The last minute submission, a heavy cruiser from my NS nation. She plays a major role in one of the most important parts of the region's history.
Ordered as the last ships of the Via Victis Act Naval Authorization, the Plaistow
class represent the ultimate treaty cruiser design of the Miklanian Navy. They followed the successful Northwynne
class. The layout was derived from a 1936 preliminary design for a heavy cruiser that came as close as possible to the 10,000 long ton standard displacement limit imposed by the Nolon City Naval Arms Limitations Treaty. Previous classes had been designed to 8,500 long tons to provide sufficient margin for weight overruns and still remain well within the treaty requirements. But by the mid 1930’s it was apparent that most treaty signatories were ignoring the treaty requirements and building cruisers thousands of tons overweight. The development of fast and heavily armored Keomoran cruisers were of particular concern. A class designed to 10,000 tons was authorized in an attempt to counter these ships. Weight overruns in excess of 1,000 tons were not tolerated by the authorization. While the Navy had no qualms building even larger ships, the Diplomatic Service still held hope for future naval treaties and wanted the advantage of the moral high ground in future negotiations.
The primary armament remained nine 8”/55 guns in three turrets. The class utilized a new Mk.10 turret design that allowed for independent elevation of the guns. An increase in turret and barbette size was offset by the reduction of the size of the secondary battery. The secondary armament was reduced from eight 5”/40 dual-purpose guns and four 3”/50 DP guns as on previous heavy cruiser designs to six 5”/40 DP guns. The only major upgrade to the secondary armament was the use of fully enclosed and powered mounts. Two Mk. 32 directors were provided for the primary and two Mk. 36 for the secondary battery. The secondary directors were fully capable of managing the primary guns for redundancy.
As built the anti-aircraft armament consisted of the six dual purpose 5” guns, twelve 40mm Bofors guns in six twin mounts (the first application of Bofors guns on an RMN vessel), and ten single water-cooled .50 caliber machine guns. The anti-aircraft armament would change repeatedly throughout the service life of the ships.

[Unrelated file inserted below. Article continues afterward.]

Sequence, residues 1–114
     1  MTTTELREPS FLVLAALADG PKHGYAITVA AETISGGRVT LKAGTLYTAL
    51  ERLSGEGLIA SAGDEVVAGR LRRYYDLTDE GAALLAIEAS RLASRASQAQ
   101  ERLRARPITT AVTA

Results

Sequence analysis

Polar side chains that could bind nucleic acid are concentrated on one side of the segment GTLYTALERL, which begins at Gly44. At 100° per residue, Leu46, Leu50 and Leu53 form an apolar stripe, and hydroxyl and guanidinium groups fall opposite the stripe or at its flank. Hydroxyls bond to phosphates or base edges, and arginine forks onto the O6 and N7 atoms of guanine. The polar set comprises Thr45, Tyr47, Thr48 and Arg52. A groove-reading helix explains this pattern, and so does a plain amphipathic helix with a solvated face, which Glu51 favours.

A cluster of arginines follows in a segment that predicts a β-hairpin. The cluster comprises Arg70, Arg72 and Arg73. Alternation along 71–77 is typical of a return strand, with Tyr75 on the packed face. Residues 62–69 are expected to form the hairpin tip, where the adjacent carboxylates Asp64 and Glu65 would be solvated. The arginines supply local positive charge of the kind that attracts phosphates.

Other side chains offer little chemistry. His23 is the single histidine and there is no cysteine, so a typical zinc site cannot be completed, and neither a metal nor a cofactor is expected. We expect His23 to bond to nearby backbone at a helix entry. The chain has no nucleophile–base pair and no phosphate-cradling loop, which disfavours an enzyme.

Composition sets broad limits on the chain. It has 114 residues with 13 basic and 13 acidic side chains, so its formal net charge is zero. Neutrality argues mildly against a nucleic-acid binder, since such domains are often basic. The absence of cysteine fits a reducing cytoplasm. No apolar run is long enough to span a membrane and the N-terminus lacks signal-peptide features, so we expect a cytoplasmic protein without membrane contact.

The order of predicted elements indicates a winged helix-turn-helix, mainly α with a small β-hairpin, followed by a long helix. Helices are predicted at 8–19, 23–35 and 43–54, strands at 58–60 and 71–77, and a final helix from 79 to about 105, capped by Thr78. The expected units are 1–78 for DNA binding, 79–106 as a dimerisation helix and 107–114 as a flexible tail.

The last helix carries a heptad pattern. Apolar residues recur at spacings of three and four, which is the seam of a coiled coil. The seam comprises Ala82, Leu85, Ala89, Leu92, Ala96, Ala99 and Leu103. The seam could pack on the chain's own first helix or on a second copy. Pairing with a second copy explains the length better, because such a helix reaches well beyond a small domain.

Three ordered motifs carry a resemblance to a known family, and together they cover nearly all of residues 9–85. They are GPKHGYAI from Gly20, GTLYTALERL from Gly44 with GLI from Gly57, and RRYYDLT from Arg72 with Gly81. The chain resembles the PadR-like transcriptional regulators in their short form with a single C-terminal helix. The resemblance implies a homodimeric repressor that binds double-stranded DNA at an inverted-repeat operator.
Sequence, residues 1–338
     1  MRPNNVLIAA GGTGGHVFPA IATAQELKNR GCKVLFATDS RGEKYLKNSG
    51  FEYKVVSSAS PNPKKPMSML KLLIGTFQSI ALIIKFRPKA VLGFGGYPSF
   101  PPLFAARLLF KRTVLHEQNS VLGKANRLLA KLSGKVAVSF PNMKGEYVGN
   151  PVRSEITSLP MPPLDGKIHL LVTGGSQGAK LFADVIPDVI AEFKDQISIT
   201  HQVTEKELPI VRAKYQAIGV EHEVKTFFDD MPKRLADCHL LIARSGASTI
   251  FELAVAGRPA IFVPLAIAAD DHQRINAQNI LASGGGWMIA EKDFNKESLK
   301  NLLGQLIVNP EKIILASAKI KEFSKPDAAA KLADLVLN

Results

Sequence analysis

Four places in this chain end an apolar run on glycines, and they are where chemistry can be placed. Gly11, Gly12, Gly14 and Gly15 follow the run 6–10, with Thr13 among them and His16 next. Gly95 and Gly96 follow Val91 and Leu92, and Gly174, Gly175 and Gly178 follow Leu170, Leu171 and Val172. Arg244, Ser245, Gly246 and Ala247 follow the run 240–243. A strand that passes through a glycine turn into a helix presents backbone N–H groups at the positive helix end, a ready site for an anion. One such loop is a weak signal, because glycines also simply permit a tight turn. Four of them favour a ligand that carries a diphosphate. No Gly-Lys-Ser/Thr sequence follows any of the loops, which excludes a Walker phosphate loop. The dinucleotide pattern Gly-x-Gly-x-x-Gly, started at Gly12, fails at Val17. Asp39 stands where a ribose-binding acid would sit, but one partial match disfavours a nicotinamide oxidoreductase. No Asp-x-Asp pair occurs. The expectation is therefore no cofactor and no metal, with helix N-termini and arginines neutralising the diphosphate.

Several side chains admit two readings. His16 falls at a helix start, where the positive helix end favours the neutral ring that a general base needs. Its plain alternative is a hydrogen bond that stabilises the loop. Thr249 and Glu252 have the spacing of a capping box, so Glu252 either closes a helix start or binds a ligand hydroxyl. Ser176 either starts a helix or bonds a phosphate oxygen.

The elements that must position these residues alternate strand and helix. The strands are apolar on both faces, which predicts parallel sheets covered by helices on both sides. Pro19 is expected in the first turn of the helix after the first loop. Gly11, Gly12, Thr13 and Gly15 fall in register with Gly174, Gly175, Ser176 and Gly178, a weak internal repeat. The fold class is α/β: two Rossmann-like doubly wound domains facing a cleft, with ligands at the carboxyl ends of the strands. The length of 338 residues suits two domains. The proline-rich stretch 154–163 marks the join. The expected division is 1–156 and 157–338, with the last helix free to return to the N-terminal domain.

The increase in protection compared to older cruiser classes was significant. Previous heavy cruisers had a maximum of 5” of belt armor, while Plaistow
boasted 6” at the water line. An all-or-nothing armor scheme was adopted to provide maximum protection for the given weight margin. The weather deck had 1” of armor, with a main armor deck of 2 ¼” extending from seven frames forward of A turret to the stern. ¾” splinter decks were provided all the way down to the bilge. The turret faces had 6” of Class A armor, with 4” Class B for the sides and rear. The turret roof was 2” of Class B. The barbettes were 7” Class A all around. The citadel was enclosed by 4” of armor. The conning tower walls were 6” with a 2 ¼” roof. Torpedo protection was provided by two watertight bottoms with two internal torpedo bulkheads between them on the sides, the outer being liquid loaded and the inner void. Torpedo bulges were considered but not installed due to the detrimental effects on displacement and speed.
was laid down in 1937 and launched in 1938. She weighed 10,420 long tons at standard loading. Rye
followed in 1939 and Hampton
in 1940. Rye
was deployed north to Second Fleet in Alta, Polar Svalbard. Plaistow
remained at home in First Fleet. In 1940 the Nolon City Treaty was officially voided with the launch of the Keomoran B41 class battleship. Construction of Plaistow
class Cruisers was cancelled, and work began on detailed design of a derived but larger 17,000 ton contingency class. This became the Debrecen
class heavy cruiser. When the Imperial War began in March 1941 with the Keomoran invasions of central Argus, the Debrecen
class was not yet in service. For the first four months of the war, the three Plaistows
were the most advanced cruisers in the fleet. In the initial wave of declarations of war, Cruiser Squadron 14, with both Plaistow
, was the closest to Athara Magarat, which made it’s declaration of war against the Free Powers mere minutes before their first shots were fired. A formation of thirty land based torpedo bombers attacked the Miklanian cruisers, hitting none but losing eight of their aircraft. Plaistow
had fired the first Miklanian shots of the war. Plaistow
continued to sail with First Fleet in the south western theatre for the remainder of 1941. Rye
escorted the Svalbardian carrier Stalharx
as part of her Second Fleet duties.
would serve through the rest of the war, being modified several times, and ultimately surviving both of her sisters. But these are drawings and stories for another time.
was decommissioned and stricken from the naval record in 1951, and sold to the Garrett Shipbreaking Yard in Hampton. Her bell and starboard anchor are on display at a memorial in downtown Plaistow.
Displacement, Standard (As Built, 1938): 10,420 long tons
Displacement, Standard (Armistace, 1948): 10,940 long tons
Beam: 59' 6"
Draft: 21' 7"
4x Isotoni boilers
Speed: 32 knots
Range: 10,000 nmi at 15 knots
Complement: 929 Officers and Men
Conning Tower: 6"
Armament (As Built):
9x 8"/55 guns in Mk.10 3-Gun turrets
6x 5"/40 Mk.31 in single mounts
12x 40mm Bofors anti-aircraft guns in 6x twin mounts
10x Coldstream Armory Mk.1 .50" water cooled anti-aircraft guns